It’s important to note that the merle gene is neither breed- nor dog-specific. The gene appears in both purebred and mixed-breed animals. Nonetheless, the overall likelihood of being born with green eyes is practically nil.

5. Egyptian Mau

egyptian mau

The Egyptian Mau has unique green eyes.

©Nynke van Holten/Shutterstock.com

The eyes of an Egyptian Mau, or Mau, are always a vivid green. Gooseberry green is a common name for this pastel shade of green. It’s preferable if the green were brighter. Big, almond-shaped green eyes slightly cocked. There aren’t very many of these kitties around. It’s highly unlikely that any of your close friends, neighbors, or coworkers have an Egyptian Mau cat.

Beautiful as they may be these felines do not come cheap. Masculine and female cats, for instance, can cost anywhere from $900 to $2500, with the price varying greatly based on factors such as coat color, overall health, and intended usage in breeding programs. Kittens with silver spots or bronze spots typically cost $1,200 to $1,400.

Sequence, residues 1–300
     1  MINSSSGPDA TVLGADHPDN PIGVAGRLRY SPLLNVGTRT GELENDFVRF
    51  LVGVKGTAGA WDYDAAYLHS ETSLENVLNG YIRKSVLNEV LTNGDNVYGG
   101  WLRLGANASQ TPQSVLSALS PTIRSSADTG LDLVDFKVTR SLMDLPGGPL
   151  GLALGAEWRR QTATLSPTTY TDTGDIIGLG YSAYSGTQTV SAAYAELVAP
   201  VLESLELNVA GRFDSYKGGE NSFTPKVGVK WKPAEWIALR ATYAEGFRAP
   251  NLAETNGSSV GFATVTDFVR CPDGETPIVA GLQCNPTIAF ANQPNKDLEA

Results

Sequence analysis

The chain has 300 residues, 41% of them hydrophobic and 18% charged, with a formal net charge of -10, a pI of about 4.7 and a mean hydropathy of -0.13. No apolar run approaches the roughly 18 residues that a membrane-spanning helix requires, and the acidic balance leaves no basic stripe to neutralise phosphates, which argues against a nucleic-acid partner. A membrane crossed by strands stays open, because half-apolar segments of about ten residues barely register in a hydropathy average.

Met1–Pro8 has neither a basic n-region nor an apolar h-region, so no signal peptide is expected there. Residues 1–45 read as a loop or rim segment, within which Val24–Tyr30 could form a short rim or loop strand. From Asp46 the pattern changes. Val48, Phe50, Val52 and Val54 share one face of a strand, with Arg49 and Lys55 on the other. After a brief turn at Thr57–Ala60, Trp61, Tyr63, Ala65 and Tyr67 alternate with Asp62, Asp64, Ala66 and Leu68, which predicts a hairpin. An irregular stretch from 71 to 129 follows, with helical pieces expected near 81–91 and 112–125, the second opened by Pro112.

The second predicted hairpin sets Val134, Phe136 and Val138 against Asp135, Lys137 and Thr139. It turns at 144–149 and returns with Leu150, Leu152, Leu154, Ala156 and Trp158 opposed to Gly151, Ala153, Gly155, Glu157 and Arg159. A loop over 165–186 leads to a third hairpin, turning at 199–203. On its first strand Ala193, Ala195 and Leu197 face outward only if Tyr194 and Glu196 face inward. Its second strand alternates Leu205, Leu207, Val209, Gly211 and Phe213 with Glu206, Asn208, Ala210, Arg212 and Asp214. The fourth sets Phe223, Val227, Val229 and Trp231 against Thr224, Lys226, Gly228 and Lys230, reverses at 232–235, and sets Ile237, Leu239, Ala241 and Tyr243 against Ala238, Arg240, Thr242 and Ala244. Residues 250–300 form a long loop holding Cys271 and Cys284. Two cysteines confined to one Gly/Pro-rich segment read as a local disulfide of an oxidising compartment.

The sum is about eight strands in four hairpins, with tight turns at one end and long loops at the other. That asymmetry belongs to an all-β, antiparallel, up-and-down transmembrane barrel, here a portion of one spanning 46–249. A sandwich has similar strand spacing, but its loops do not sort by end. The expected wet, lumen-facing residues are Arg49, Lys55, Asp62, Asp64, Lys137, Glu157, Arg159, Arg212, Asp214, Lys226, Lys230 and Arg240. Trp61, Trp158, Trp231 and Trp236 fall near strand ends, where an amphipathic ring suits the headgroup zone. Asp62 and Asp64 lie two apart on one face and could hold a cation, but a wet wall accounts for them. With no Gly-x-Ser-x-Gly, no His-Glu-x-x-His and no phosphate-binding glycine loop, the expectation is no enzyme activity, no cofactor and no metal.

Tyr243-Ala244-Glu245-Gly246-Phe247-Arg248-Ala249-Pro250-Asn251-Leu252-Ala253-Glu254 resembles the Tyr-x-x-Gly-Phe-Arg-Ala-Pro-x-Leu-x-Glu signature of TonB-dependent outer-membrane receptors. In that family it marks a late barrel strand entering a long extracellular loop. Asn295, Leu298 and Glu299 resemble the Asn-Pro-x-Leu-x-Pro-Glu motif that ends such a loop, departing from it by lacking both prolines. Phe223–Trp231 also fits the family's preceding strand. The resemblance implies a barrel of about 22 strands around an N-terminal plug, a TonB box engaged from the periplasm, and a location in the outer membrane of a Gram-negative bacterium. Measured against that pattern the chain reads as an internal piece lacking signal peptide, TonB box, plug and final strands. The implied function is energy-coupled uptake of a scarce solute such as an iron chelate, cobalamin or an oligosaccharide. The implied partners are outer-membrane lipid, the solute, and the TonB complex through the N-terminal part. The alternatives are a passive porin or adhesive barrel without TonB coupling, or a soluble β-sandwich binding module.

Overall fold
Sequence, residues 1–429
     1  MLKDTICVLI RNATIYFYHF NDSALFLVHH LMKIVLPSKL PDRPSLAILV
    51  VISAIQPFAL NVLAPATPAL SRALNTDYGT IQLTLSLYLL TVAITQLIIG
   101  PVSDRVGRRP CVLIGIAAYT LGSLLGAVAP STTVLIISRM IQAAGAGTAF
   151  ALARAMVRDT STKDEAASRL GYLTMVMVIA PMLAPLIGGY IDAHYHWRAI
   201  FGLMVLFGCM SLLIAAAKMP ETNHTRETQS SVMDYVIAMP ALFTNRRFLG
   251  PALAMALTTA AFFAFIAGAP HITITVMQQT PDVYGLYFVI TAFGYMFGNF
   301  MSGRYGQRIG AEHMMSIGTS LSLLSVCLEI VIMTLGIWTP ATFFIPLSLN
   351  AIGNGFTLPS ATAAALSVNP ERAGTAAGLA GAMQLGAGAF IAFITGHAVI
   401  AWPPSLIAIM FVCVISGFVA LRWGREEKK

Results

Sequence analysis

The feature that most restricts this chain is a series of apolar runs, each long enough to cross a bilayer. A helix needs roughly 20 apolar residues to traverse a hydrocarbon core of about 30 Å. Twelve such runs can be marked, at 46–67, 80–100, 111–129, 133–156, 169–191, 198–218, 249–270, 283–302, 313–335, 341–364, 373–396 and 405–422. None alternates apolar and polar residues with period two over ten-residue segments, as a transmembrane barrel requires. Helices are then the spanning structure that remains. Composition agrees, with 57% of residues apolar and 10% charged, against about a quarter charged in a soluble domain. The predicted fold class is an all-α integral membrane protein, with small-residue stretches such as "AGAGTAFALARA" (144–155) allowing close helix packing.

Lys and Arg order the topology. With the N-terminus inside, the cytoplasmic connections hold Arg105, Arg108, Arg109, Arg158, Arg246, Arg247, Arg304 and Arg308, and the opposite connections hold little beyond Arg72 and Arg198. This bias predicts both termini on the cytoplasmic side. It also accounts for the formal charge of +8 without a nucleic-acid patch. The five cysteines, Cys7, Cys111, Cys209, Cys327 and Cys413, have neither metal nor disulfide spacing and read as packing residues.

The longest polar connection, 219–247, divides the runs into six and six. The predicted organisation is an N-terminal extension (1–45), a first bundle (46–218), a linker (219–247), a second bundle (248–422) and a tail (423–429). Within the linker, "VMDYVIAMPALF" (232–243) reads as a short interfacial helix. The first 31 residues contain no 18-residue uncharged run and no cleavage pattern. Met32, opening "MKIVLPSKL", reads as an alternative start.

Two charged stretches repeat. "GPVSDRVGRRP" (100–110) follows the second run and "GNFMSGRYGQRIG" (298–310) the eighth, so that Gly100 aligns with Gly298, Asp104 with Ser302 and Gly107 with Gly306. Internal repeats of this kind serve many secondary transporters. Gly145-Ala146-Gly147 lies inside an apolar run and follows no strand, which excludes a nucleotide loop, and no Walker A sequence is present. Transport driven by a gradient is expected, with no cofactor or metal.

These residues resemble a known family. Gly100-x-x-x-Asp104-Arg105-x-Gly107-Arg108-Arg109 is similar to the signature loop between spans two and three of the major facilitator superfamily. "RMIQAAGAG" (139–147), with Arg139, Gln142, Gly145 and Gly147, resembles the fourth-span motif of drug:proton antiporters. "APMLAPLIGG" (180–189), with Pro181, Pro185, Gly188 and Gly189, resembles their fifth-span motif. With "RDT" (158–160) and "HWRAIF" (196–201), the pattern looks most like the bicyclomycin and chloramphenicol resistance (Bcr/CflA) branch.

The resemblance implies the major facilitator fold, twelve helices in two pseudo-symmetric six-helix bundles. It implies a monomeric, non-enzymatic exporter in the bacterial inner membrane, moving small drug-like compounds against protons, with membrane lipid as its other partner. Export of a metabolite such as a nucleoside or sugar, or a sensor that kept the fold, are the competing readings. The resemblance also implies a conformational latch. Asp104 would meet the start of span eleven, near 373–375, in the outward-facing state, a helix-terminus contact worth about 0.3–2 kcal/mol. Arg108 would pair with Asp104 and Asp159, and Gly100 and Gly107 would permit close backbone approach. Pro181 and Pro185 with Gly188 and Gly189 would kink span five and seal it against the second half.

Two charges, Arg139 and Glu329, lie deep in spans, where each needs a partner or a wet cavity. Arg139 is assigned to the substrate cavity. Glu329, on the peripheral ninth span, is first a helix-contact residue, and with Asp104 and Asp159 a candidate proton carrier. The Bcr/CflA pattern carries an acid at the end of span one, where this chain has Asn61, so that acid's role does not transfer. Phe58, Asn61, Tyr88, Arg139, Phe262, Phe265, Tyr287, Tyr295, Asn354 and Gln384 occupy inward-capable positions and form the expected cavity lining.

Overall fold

Summary of 5 Mesmerizing Animals With Green Eyes

1Green-Eyed Tree Frogs
3American Pit Bull Terrier
4Border Collie
5Egyptian Mau
Summary Table of 5 Mesmerizing Animals With Green Eyes

The photo featured at the top of this post is © Lyonstock/Shutterstock.com

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About the Author

Jennifer Gaeng is a writer at A-Z-Animals focused on animals, lakes, and fishing. With over 15 years of collective experience in writing and researching, Jennifer has honed her skills in various niches, including nature, animals, family care, and self-care. Hailing from Missouri, Jennifer finds inspiration in spending quality time with her loved ones. Her creative spirit extends beyond her writing endeavors, as she finds joy in the art of drawing and immersing herself in the beauty of nature.